A consistently intelligent (or at least bright), coherently constructed comedy that is on occasion a rather pointed critique of the American education system in the…
Michael Moore's "Roger and Me" started a trend of advocacy movies starring One Man Looking for Answers, and the trend never really ended. Unfortunately, most of these documentaries are made by people who lack Moore's knack for troublemaking humanist inquiry, and "GMO OMG" is another such misfire: a film by Jeremy Seifert, a concerned father who wants to protect his children from genetically modified food's potentially dangerous side-effects.
At first, Seifert's quest for answers seems reasonable: he wants Monsanto, and other big corporations that promote genetically-modified organisms (GMOs) to be more accountable to their customers. But Seifert's arguments are dependent on unconvincing testimony and leaps in logic.
"GMO OMG" is supposed to be an educational tool, a film designed to make viewers curious about what goes into their food. But Seifert is usually torn between preaching to a choir of already-committed activists and educating uninformed viewers. His explanations are consequently both loaded and vague. His most reasonable argument is: Monsanto and other megalithic companies should be more transparent about studies they've conducted on their genetically modified seeds. This is a crucial point, and it's a good one. But it's rarely convincingly argued in "GMO OMG."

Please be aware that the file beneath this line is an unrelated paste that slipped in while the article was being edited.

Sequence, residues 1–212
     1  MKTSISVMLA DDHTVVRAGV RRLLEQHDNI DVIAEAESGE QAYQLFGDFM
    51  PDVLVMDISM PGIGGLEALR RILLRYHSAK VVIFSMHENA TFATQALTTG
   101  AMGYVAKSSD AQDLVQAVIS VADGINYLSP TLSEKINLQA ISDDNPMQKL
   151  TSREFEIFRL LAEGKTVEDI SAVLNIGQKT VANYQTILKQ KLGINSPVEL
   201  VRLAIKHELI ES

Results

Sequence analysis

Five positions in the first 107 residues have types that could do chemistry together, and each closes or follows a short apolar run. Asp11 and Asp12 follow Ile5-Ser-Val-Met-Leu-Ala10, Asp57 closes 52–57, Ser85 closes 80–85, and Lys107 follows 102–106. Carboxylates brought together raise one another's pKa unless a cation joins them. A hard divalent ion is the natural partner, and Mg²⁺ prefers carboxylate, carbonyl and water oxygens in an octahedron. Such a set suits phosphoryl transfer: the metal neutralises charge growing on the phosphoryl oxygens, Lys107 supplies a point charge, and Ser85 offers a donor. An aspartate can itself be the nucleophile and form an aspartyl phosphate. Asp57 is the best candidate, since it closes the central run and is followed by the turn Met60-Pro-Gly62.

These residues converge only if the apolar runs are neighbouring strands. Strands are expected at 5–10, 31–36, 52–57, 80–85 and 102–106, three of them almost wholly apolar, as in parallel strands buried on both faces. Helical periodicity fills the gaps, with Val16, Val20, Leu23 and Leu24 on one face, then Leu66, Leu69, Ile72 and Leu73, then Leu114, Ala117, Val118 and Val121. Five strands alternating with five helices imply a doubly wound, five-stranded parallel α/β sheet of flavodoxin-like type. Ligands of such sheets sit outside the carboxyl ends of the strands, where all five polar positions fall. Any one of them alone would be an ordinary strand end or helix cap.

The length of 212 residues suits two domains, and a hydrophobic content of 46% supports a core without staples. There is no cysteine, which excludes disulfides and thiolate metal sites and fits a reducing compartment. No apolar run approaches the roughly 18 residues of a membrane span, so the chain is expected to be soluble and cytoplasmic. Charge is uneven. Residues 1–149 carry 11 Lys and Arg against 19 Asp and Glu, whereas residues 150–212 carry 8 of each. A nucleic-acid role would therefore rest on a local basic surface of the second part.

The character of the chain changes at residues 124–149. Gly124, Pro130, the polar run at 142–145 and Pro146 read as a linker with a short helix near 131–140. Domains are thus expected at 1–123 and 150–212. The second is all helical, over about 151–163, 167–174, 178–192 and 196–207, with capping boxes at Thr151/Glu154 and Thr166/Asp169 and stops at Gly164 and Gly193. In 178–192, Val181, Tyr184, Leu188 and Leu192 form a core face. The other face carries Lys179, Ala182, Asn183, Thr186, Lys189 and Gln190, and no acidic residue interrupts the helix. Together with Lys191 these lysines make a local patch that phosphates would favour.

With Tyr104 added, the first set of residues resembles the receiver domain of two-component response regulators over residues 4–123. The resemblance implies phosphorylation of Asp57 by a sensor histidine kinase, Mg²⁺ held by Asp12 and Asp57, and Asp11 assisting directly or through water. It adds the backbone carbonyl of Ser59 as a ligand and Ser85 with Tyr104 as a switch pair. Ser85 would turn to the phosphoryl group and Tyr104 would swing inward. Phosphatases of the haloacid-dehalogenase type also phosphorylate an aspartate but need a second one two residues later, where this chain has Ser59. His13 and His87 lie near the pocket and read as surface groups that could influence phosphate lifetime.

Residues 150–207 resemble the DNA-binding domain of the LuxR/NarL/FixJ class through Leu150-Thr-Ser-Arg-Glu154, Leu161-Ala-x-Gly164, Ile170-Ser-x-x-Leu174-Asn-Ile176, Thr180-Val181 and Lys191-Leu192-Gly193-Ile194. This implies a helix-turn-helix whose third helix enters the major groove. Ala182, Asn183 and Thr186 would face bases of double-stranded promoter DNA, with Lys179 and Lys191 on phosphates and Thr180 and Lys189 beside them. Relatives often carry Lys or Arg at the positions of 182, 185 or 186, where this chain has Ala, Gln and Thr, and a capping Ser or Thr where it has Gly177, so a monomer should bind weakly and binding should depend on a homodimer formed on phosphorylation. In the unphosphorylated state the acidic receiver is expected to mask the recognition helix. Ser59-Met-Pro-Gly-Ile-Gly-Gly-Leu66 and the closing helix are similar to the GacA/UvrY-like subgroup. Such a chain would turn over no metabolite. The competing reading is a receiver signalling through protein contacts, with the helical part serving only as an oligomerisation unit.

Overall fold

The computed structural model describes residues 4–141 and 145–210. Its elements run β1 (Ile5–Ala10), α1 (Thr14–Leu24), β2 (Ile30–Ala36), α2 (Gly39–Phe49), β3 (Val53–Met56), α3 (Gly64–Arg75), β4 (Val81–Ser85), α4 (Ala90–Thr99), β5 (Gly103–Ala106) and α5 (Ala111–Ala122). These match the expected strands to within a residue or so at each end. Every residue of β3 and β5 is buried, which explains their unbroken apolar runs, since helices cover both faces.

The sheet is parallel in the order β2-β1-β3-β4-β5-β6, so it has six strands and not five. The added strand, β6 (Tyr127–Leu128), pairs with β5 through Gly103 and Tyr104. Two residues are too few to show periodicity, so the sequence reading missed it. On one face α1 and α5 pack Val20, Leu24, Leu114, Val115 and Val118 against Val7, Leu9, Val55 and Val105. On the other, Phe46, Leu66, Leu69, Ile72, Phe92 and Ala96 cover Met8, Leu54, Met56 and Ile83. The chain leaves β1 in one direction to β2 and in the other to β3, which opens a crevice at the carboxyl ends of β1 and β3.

For starters, Seifert is apparently mistrustful of scientific terms, studies, and concepts. Like Moore before him, he prefers talking to salt-of-the-earth types to using data or statistics. One of the only scientific studies Seifert refers to in "GMO OMG" was conducted by Gilles-Eric Seralini, and Seifert even admits that Seralini's work has come under heavy criticism by his peers. It's telling that Seifert jokes about how confusing the science behind GMOs is. He first relates the World Health Organization's definition of "GMO": "organisms in which the genetic material (DNA) has been altered in a way that does not occur in nature." Then he pokes fun of how impenetrable scientific jargon can be: terms like "Agrobacterium tumefasciens," "vectors," and "TI plasmids" are mentioned, but one on top of the other, and without explanation.